Extramarital Sex Essay

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Extramarital sex refers to any sexual activity, but usually intercourse, that takes place outside of a legally sanctioned marriage. Even though general use of the term is with respect to heterosexual partnerships, it can also apply to homosexual relations when one of the individuals is in a heterosexual marriage. Furthermore, extramarital sex is a broad concept that encompasses sex that takes place in a cohabiting relationship; teenage sex; any other form of premarital sex; and adulterous sexual relations between two people, at least one of whom is married.

The 20th century witnessed increases in all the forms of extramarital sex, which eventually helped normalize sexual activity outside of marriage. A vocal group of commentators and scholars decried these increases as a sign that the American family was in decline. The 1960s, in particular, witnessed a marked increase in the rates of cohabitation, nonmarital births, and divorce. College students in the 1960s and 1970s were prime movers with respect to cohabitation and premarital/teen sex. By the 1990s most of the trends had stabilized, indicating that despite concerns, marriage remained a lasting American institution into the 21st century.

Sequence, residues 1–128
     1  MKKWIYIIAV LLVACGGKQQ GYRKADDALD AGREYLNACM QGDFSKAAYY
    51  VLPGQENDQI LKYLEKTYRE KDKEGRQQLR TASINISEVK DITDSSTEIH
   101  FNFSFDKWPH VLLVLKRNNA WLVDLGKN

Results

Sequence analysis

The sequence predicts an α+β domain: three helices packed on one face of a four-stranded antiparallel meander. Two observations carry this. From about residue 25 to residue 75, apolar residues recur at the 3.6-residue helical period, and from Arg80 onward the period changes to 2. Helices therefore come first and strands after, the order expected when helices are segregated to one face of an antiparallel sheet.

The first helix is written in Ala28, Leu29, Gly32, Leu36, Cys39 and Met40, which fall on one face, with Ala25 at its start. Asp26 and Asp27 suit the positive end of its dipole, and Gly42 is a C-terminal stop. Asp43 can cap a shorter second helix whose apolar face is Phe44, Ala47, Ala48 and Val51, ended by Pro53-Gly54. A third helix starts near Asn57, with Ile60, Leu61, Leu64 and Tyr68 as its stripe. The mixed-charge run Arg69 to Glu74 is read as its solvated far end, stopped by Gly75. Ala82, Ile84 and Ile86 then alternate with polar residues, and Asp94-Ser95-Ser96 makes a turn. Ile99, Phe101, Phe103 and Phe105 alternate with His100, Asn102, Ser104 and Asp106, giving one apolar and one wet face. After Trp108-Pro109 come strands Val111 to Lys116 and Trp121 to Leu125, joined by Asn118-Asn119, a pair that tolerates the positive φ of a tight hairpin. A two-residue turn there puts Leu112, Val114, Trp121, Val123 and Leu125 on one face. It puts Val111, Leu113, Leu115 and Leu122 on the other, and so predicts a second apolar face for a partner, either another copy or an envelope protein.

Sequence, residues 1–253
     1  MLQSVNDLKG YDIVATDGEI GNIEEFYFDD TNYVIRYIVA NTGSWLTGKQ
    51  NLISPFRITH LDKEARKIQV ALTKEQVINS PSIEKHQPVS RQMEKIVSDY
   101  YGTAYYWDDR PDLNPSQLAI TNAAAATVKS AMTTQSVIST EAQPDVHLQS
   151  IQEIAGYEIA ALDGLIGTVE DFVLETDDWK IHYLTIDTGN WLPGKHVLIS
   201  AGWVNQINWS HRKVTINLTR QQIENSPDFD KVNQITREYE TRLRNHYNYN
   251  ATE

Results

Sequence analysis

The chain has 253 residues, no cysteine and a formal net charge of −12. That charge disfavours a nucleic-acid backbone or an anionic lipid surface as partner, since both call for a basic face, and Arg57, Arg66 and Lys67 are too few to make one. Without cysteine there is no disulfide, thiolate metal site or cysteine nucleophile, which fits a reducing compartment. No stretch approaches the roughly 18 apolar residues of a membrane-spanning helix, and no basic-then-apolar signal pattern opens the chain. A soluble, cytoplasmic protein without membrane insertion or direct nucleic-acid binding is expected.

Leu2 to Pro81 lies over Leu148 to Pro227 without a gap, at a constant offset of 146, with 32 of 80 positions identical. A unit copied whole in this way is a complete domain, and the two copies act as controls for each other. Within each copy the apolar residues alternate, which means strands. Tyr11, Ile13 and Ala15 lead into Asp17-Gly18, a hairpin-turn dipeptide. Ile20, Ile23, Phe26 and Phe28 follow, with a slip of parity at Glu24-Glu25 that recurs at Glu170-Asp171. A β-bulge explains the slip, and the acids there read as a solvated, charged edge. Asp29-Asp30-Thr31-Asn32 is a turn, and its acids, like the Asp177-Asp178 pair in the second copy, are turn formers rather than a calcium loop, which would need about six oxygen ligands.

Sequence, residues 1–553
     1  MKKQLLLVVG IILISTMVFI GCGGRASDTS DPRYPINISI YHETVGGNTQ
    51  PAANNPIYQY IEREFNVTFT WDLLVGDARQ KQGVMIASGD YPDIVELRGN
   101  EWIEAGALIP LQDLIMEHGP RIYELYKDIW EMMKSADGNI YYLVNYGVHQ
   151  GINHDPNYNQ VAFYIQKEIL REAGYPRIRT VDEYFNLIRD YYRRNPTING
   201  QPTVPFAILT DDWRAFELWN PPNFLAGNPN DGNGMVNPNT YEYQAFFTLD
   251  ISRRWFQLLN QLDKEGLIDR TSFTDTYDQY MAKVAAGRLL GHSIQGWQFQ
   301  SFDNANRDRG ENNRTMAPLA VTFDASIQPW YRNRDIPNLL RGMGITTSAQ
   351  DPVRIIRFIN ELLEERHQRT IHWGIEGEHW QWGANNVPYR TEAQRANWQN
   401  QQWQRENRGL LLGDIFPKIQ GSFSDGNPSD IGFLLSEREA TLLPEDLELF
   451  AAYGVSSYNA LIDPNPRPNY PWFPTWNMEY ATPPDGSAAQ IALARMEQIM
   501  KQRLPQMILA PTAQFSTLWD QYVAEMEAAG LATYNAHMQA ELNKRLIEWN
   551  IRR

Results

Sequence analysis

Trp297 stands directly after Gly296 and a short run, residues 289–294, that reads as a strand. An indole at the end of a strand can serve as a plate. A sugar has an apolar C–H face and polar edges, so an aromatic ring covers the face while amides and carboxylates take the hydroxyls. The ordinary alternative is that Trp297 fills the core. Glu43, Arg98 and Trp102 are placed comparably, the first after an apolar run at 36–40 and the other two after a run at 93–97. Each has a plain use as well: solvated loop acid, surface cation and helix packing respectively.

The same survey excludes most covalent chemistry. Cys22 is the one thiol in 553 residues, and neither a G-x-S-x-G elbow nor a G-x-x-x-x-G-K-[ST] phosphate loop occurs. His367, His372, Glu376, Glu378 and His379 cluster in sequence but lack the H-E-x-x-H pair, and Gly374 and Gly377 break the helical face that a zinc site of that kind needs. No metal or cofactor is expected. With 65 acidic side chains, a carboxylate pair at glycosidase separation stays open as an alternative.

According to demographers, overall trends in extramarital sex since World War II are primarily the result of the long-term process of women’s growing employment outside the home and their better access to birth control. Social scientists also draw on shifts in social and cultural values—such as the decline in the power of religious norms to affect individual behavior and changing opinions on the permanency of marriage— to explain the increase in extramarital sex.

One of the most common forms of extramarital sex is cohabitation, the sexual union between an unmarried man and woman. Cohabiting partners share the same living quarters for a sustained period of time, though their arrangement does not normally invoke any legal rights and obligations; as such, it is less stable than marriage. In the late 1960s only 8 percent of first marriages began as cohabiting relationships, but by the 1990s that number had jumped to 56 percent. Cohabitation became commonplace during the 1970s and 1980s, as younger people began to postpone marriage but not sexual relations or life with a partner.

As with other forms of extramarital sex, cohabitation increased due to a variety of social, cultural, economic, and technological changes. These include the change in values about sexual relations outside of marriage (again, partly attributable to the weakening of religious influence on individuals’ decision making); the increased employment opportunities for women, which gave them greater bargaining power in relationships; and the development and availability of various forms of birth control that freed couples from having to get married following an unexpected and unwanted pregnancy.